NBA Slam Dunk Contest 2013: 10 Greatest All-Time Slam Dunks

Use your ← → (arrows) to browse

The Slam Dunk Contest has always been the most anticipated NBA event of the year outside of the playoffs and it’s without a doubt the favorite contest among fans out of all the contest held on All-Star Saturday Night. But while we’ve seen the big names stay away from the Slam Dunk contest in the past few years, there was a time when the best of the best weren’t afraid to brainstorm a little and come up with some astonishingly iconic slam dunks.

From Michael Jordan to Vince Carter and even Jason Richardson, let’s take a brief look back at the 10 best slam dunks we’ve ever seen in the Slam Dunk Contest.

Credit: Tim McGarry/USA TODAY

10. Jason Richardson – “The Everything” (2003)

Dubbed the “Everything” dunk by those who saw it, Jason Richardson showed off why the NBA Slam              Dunk is what it is. Before we were jumping over cars or motorcycles, Richardson was busy combining all the great dunks that had preceded him into one massive explosion of force. He’s literally got everything here, from the lob off the court to the massive air, the on handed jam and the reverse angle of it all. To top everything off, Richardson passed himself the ball through his legs before dunking this final slam that won him his second consecutive Slam Dunk title. His career hardly took off like he used to be able to, but we’ll always have Richardson’s high flying between the legs jam to remember him by.



9. Andre Iguodala – “The Backboard Answer” (2006)

Courtesy: USA Today

Had Nate Robinson been three inches taller we would be applauding former Sixers forward Andre Iguodala as the 2006 Slam Dunk champion. But because of the height difference and Robinson’s incredible hops, Iguodala will have to settle instead for just having one of the most incredible and memorable slam dunks in the history of the contest. Everything about this dunk is just so beautiful and it’s executed do perfectly. This is definitely one of the “next wave” of dunks where the complexity of the dunk was more important than anything else. It doesn’t get any harder than having to bounce the ball off the back of the backboard, catch it and then reverse jam the thing. Speaking of inches, Iguodala was so incredibly close to knocking himself out on the bottom of the backboard, but instead he knocked everyone watching out with a dunk that still makes jaws drop.




8. Dwight Howard – “Superman” (2008)

Credit: Tim McGarry/USA TODAY

Sure, he was ripping off a classic dunk but back when we all adored Dwight Howard he managed to give us one of the more memorable dunks that truly put him on the scene as the best big man in the NBA (at least at the time). Donning the iconic Superman cape, Howard took off from just past the free throw line and proceeded to literally defy gravity. Howard didn’t technically dunk the ball but that’s part of what makes his jam so memorable and incredible. Howard was in the air long enough and high enough that he could spike the ball into the hoop rather than simply just dunk it. Was it cheating, absolutely as it’s not Howard’s fault nobody could get the kind of air he could. We all giggled when he put on the Superman cape, but our jaws dropped when we sae Hoawrd live up to the expectation of the cape he was wearing and then-some.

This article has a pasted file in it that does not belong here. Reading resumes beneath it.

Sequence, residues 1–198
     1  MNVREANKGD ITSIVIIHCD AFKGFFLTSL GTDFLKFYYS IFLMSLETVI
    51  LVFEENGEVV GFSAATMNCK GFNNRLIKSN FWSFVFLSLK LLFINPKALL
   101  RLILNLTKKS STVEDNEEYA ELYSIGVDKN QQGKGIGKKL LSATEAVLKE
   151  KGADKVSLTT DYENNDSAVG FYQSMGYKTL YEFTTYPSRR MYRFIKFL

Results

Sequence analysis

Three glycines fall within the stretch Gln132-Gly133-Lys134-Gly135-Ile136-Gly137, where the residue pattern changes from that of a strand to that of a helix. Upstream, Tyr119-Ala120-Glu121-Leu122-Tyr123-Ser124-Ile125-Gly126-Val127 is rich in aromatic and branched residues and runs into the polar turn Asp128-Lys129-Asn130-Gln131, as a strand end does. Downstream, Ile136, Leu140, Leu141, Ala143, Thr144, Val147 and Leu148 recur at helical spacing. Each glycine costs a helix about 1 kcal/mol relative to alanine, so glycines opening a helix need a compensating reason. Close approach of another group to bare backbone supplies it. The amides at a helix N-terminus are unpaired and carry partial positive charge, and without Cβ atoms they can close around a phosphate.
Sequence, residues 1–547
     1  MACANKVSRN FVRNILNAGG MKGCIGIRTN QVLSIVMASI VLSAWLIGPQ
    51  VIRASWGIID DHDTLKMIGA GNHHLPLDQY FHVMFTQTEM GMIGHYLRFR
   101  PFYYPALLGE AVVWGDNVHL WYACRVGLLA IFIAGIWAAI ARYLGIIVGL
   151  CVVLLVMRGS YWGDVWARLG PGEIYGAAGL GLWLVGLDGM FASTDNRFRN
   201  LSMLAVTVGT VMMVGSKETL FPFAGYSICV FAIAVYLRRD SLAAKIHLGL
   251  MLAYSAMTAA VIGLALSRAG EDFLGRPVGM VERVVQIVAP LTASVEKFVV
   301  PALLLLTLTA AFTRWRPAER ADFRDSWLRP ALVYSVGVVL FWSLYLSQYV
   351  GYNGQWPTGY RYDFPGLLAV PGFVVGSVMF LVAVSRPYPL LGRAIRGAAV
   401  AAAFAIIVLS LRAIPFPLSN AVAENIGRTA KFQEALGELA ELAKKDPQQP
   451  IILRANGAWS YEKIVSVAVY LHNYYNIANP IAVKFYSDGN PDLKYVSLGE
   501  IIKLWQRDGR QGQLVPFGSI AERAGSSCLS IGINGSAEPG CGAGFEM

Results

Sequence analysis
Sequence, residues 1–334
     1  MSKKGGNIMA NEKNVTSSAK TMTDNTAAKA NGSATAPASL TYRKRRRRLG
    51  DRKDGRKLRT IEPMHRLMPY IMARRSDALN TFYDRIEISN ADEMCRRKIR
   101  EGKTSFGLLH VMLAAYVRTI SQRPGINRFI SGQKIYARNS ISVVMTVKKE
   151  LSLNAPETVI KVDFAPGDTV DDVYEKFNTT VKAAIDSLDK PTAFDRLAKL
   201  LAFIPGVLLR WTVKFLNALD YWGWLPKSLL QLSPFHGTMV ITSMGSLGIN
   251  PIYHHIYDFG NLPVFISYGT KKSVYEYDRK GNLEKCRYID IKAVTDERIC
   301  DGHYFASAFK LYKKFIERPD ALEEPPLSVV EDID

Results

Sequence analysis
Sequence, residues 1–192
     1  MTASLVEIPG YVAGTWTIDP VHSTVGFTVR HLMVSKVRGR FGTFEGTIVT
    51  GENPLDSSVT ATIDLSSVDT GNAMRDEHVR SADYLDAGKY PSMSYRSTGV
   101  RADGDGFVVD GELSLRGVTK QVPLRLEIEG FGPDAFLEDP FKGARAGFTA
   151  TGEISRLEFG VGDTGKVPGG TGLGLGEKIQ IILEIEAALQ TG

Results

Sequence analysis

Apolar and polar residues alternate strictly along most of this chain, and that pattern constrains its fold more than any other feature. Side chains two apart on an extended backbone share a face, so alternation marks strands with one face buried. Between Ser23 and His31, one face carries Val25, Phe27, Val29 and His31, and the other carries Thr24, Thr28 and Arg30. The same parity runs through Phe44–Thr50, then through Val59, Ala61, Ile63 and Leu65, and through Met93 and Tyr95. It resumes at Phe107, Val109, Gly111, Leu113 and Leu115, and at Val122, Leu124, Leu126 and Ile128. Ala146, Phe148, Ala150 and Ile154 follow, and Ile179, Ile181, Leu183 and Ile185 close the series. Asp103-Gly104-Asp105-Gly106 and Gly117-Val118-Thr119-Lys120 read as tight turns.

Credit: Tim McGarry/USA TODAY

7. Dominique Wilkens – “The Backboard” (1988)

Today — and even when it happened– the backboard dunk really wasn’t anything mind blowingly innovative. But when Atlanta Hawks legend Dominique Wilkens left Earth and entered into orbit, we decided we cared less about the backboard element of the dunk and more about the fact that he had just seen Wilkens elevate higher than we ever thought a human being could. It’s not that Wilkens just jumped high, it’s that he jumped high enough to have likely dunked on a hoop that was mounted to the top of the backboard he had just thrown the ball off of. The ferocity of the dunk is another thing, as Wilkens put the slam into slam dunk, shaking the rim and throwing the ball down with authority. Wilkens doesn’t care if you’ve seen the dunk done before because he knew we had never seen it done like that before.



Credit: Tim McGarry/USA TODAY

6. Vince Carter – “The Elbow” (2000)

It’s a shame the 1998-99 lockout shortened the season and cancelled the All-Star game and it’s festivities as surly rookie Vince Carter would have one the first of what could have ended up being back-to-back Slam Dunk Contest titles. While we all remember Carter’s iconic between the legs dunk from his 2000 Slam Dunk performance, this dunk tends to get pushed to the side and forgotten about. But while it seems to not have any complexity to it, Dominique Wilkens proved if you can make your dunk violent enough, no one is going to care. Carter elevated himself high enough to not just simply dunk the ball but to dunk his entire forearm. It looks like it was pretty painful, but it’s one of the best moments of Carter’s career. It’s incredible to think he only participated in one slam dunk contest, but he gave us more than our money’s worth in his sole performance. 

Use your ← → (arrows) to browse

comments powered by Disqus